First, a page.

Canada Post proposes last-ditch effort to deliver the holidays by introducing a cooling-off period

Press Release from Canada Post

OTTAWA, Nov. 19, 2018 /CNW/ - With no deal emerging from the weekend's efforts, Canada Post is focusing on saving the holiday season deliveries that are so critical for retailers, charities and Canadians.

In a last-ditch effort to deliver the holidays, Canada Post has proposed to the Canadian Union of Postal Workers (CUPW) that the two parties work together through January during a cooling-off period that would immediately end rotating strikes, allow for mediation to resume and introduce a process to achieve a final resolution.

"With the rotating strikes, resulting backlogs, and the massive Black Friday and Cyber Monday volumes that will arrive within days, we are trying everything we can to work together with the union – urgently – to deliver the holidays to Canadians," says Jessica McDonald, Chair of the Board of Directors and Interim President and CEO of Canada Post. "This proposal also includes a way for the parties to resolve their differences and these negotiations."

If CUPW ends its strikes, the Corporation could begin to reduce the massive existing backlogs that threaten the holiday season, which is critical for countless small businesses, retailers and charities. There is an urgent need for Canada Post to restore full operations. With hundreds of trailers loaded with parcels already backlogged at its facilities – and the growing repercussions for customers and the Canadian retail economy –this proposal is open for acceptance until 5:00 p.m. on November 19. After that time, Canada Post would lose its last window of opportunity to clear the backlogs before the oncoming wave of volumes reaches its facilities.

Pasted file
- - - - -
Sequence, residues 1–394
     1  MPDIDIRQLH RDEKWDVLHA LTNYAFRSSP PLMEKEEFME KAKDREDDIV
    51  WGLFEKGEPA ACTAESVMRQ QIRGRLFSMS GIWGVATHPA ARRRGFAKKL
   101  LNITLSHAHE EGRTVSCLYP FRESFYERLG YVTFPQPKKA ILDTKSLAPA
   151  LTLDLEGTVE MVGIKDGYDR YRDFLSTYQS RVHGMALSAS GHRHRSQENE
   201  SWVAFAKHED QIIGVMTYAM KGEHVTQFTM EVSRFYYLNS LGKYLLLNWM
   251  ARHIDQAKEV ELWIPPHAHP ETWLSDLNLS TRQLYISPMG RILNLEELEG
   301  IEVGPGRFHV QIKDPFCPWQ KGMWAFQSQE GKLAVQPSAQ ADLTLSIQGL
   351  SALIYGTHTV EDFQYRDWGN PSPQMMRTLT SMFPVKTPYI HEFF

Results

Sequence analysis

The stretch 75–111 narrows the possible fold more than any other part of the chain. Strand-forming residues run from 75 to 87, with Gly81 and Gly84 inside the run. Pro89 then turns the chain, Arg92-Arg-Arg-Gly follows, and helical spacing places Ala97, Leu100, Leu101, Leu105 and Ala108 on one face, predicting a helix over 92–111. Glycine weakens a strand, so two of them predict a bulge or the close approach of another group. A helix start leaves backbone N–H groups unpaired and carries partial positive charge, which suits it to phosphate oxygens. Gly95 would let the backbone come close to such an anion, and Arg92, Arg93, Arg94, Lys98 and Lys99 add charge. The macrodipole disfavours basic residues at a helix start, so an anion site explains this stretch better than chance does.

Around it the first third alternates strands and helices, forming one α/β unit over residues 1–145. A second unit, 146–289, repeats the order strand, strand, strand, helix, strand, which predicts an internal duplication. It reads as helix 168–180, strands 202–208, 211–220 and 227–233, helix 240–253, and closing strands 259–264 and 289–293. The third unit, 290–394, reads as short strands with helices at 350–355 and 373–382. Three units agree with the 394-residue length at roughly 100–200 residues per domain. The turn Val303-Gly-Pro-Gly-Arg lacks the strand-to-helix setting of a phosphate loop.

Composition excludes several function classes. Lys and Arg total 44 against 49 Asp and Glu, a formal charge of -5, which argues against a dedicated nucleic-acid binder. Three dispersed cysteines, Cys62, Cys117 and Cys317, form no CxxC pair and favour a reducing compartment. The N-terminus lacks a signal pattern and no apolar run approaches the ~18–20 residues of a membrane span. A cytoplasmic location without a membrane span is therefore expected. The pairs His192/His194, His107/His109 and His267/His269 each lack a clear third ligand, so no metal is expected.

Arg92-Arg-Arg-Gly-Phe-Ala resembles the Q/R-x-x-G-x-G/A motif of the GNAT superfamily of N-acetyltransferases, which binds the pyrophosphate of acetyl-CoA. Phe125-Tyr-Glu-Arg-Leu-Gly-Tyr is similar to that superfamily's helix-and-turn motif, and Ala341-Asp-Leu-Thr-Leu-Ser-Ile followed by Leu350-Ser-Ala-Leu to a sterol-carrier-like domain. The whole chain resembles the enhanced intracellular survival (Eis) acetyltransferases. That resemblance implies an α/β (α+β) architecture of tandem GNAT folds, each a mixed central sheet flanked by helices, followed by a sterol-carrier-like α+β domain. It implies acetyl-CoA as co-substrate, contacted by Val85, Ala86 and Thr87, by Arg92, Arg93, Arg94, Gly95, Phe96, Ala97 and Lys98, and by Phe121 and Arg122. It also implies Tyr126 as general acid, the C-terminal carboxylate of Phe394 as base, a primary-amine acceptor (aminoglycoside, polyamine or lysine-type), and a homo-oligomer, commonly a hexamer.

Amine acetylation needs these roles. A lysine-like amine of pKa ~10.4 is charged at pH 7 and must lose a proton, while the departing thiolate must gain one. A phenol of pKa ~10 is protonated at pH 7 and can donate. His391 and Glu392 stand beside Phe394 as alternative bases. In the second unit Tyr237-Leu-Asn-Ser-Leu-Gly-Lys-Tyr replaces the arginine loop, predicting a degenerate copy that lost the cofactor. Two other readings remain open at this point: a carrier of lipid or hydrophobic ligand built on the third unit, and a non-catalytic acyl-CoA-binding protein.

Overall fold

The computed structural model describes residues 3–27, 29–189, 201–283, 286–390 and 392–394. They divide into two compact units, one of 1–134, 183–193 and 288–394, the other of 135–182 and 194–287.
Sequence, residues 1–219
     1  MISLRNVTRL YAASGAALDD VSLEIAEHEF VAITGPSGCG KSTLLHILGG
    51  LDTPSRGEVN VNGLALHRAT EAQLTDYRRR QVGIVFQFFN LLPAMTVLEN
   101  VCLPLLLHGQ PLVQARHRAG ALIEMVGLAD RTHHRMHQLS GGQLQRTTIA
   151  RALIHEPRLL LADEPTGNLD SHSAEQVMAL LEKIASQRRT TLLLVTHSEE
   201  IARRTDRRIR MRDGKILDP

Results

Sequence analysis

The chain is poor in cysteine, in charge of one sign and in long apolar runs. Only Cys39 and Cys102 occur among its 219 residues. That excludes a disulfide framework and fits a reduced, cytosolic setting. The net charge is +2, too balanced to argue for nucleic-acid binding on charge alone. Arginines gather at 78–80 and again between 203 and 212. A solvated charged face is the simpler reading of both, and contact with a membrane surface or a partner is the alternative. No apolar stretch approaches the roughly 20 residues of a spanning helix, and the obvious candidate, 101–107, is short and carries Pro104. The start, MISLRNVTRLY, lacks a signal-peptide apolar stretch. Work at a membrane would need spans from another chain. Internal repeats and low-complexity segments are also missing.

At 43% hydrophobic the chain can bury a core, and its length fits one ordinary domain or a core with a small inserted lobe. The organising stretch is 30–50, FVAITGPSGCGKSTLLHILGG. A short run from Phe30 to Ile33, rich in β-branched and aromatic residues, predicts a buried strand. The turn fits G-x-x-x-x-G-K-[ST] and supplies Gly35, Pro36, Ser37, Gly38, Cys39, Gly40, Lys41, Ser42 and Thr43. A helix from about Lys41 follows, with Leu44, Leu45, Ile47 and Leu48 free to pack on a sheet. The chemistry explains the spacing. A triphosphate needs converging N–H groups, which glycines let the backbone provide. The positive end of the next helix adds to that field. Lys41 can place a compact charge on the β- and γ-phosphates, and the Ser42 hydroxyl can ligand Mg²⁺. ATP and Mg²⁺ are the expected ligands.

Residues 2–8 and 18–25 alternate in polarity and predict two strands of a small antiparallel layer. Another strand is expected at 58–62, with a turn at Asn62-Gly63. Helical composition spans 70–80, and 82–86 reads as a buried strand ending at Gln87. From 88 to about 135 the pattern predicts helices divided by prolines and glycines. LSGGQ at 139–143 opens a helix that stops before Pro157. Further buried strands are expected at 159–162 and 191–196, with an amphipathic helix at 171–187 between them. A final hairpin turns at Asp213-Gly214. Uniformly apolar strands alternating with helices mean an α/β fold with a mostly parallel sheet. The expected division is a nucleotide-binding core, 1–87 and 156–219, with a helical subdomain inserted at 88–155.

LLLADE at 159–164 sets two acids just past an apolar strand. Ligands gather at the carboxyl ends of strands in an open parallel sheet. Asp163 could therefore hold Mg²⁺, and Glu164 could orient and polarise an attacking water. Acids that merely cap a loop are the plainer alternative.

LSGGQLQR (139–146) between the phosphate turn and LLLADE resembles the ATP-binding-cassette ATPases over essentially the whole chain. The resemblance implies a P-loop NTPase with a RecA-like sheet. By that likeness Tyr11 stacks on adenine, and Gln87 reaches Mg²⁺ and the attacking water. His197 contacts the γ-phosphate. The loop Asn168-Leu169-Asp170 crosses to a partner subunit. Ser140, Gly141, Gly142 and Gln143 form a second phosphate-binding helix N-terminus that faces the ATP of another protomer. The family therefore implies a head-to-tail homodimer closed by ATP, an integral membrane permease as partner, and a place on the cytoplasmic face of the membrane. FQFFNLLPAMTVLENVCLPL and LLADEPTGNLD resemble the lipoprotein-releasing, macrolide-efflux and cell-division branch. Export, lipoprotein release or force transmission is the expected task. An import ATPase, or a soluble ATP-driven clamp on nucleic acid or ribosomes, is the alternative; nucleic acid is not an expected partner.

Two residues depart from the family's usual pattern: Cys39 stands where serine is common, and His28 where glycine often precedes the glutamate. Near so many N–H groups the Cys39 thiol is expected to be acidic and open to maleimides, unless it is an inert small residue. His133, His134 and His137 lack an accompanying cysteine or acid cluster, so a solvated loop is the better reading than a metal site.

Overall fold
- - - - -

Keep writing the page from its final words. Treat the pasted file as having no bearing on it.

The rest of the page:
In an effort to restore full operations and deliver oncoming volumes, Canada Post is proposing:

  • A cooling-off period, effective immediately and lasting until January 31, 2019, which is past the holiday peak volumes, as well as high volumes driven by Boxing Day sales and the return of holiday purchases in January. During the cooling-off period, CUPW would not strike or take any other job action, and the Corporation would not lock out employees;
  • Immediately starting further mediation with a jointly-agreed, government-appointed mediator until the end of the cooling-off period;
  • A special payment of up to $1,000 for CUPW-represented employees that would be paid at the end of January if there is no labour disruption before the cooling-off period ends;
  • To reinstate both collective agreements with CUPW, including all employee benefits, for the duration of the cooling-off period;
  • If agreements have not been reached by January 31, the mediator would submit recommendations for settlement. If they are not adopted by the parties, binding arbitration would be introduced.

Canada Post is making this proposal in a spirit of cooperation and in hope of delivering the holidays to Canadians and avoiding the significant financial and economic damage that would be felt if rotating strikes continued.

SOURCE Canada Post

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